How the GOP Created the Trump Monster
[This piece was originally published on the original Home Yesterday in July, 2015.]
UPDATE: Almost a full additional month of Trump’s unadulterated foolishness has failed to weaken, even slightly, his grip on Republican primary voters. With a commanding lead — more than double his closest competitor’s support — the Trump Monster now has Republicans thinking about Plan B — as in, what if this guy actually wins? Educated, reasonable, establishment Republican figures like George Will, Charles Cooke, and David Freddoso have all launched serious attacks on Trump, but their readerships have only shouted the louder “Give us Trump!”
So what happens? Will the Republican party, as Will demands, purge Trump and his supporters from the GOP? Will the “collective insanity” Cooke pointed out come to an end? Or will the so-called Party of Lincoln ride their circus elephant into the wilderness for a generation? Or is there no good choice at all? Patrick Buchanan, no stranger to insurgent Republican politics put it simply: “if the GOP has no room for Trump’s followers, it has no future. For there simply aren’t that many chamber-of-commerce and country-club Republicans.”
Republicans are now standing by to be destroyed by their own creation.
“Had I right, for my own benefit, to inflict this curse upon everlasting generations? I had before been moved by the sophisms of the being I had created; I had been struck senseless by his fiendish threats: but now, for the first time, the wickedness of my promise burst upon me . . .” – Mary Shelley, Frankenstein
We cannot avoid the subject of Donald Trump, even if we want to. Unleashed upon the Nation and rampaging across it day by day, he imposes himself upon us from every newspaper, every radio, and every accursed screen. Nothing will protect us from the spectacle of Trump, until football season mercifully releases us.
Many have already pointed out that Trump will not be President – his colossally embarrassing behavior across business, politics, and finance more than disqualifies him. But onward he marches and now, he leads the race for the Republican Presidential nomination. In fact, some surveys show he has more than double the support of any other candidate from Republican primary voters, despite being in a sixteen-candidate field.
Even those lofty numbers show only that Trump commands a small minority of the electorate, but he does command it absolutely – and it is loud. Trump’s plurality among primary voters is a minority of a minority that has somehow swallowed the entire Republican Party. What happened? Trump would have been laughed out of politics in any previous cycle, (indeed, he was). So what has changed?
Trump’s shtick includes three basic moves: 1) Absurd proclamations about his abilities (“I will build a border wall and make Mexico pay for it,” “I’m the most successful person ever to run for the presidency”; 2) Bombastic commentary on everyone who is not Trump (“John McCain is not a war hero,” “The Wall-Street Journal is losing money,” “no one trusts Anderson Cooper”; 3) Personal insults toward anyone who publicly disagrees with him (“Jeb Bush only cares about illegal immigration because his wife is from Mexico,” “Rick Perry bought glasses to make himself seem smart”).
From insulting millions of
Mexican-Americans by labelling them rapists, to attacking McCain’s service in a Hanoi POW camp, Trump displays his arrogance, bombast, and nastiness as though they were his newest hotel, casino, or golf course. Those qualities are “what he brings to the table.” Simply put, he has distilled the essence of the present-day Republican Party, bottled it, slapped the Trump label on it, and now he’s pouring it all over our heads.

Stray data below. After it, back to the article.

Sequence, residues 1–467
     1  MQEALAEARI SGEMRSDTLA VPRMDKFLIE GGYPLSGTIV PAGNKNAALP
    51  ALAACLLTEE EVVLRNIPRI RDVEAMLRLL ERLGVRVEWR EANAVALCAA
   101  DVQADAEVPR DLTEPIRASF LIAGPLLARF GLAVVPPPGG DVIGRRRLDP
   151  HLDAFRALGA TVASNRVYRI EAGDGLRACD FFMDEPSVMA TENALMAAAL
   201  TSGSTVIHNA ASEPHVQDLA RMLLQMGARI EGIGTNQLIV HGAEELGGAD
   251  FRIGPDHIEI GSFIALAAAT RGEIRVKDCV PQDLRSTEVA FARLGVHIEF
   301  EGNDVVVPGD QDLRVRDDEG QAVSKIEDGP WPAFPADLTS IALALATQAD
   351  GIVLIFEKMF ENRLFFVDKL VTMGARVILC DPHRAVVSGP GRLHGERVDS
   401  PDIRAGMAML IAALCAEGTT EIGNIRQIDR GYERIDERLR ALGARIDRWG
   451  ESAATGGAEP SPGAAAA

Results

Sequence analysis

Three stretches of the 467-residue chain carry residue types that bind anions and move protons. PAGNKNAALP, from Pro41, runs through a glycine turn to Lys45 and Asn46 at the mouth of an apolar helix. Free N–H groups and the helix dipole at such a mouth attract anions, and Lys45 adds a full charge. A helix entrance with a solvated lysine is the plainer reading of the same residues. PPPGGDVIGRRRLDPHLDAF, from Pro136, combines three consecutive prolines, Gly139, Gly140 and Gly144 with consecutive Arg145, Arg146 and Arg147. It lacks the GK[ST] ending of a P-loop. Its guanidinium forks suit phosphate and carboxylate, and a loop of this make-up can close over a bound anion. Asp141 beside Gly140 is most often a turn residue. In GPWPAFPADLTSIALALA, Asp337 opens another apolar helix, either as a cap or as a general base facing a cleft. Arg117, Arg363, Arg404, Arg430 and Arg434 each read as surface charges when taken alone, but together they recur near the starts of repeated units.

Some of Trump’s ideas and methods – like appeals to nativism and racism – have been part of the GOP playbook for years, dating to the Lee Atwater era and earlier. But unlike so-called “sophisticated” candidates, like Jeb Bush and Marco Rubio, who have learned to keep those messages in the subtext, Trump puts them right out front. Naturally, people the Republican Party has conditioned to respond to these messages love it – “finally someone who is actually saying what Bush only seems to say!” They created this monster and now it has turned on them – by giving an unguarded voice to their real constituency.
Decades of the Mark Levins (Obama is “Mussolini”), the Rush Limbaughs (“Women should not be allowed on juries”), and the Ann Coulters (“If we take away women’s right to vote, we’d never have to worry about another Democrat President”) have prepared the way for the Trump phenomenon – the perfect candidate whose virtue is in his viciousness. The less he knows, the more he’s admired in what’s left of the “Grand Old Party.” The lower he sinks into hate – he attacked an American POW for being captured – the higher they sing his praises over on InfoWars.
So we’re now treated to the comical spectacle of Rick Perry calling Trump a “false prophet” who “appeal[s] to anger, division, and resentment.” Those three concepts have been cornerstones of Republican strategy for half a century. From the silent majority to welfare queens to Willie Horton to Karl Rove to the Swift Boaters to Sarah Palin to the birthers and now, back to the silent majority – Trump is the true prophet of Perry’s benighted Party.
Watching the horrified Republican Party leadership, the humiliated candidates, the panicked donors – you can’t help but think that they have all brought this upon themselves. Donald Trump may not be the candidate the GOP wants, but he is the candidate it deserves. Like many faltering businesses before them, Republicans set themselves up for a hostile takeover by Trump Enterprises, and those all end up the same way: in bankruptcy.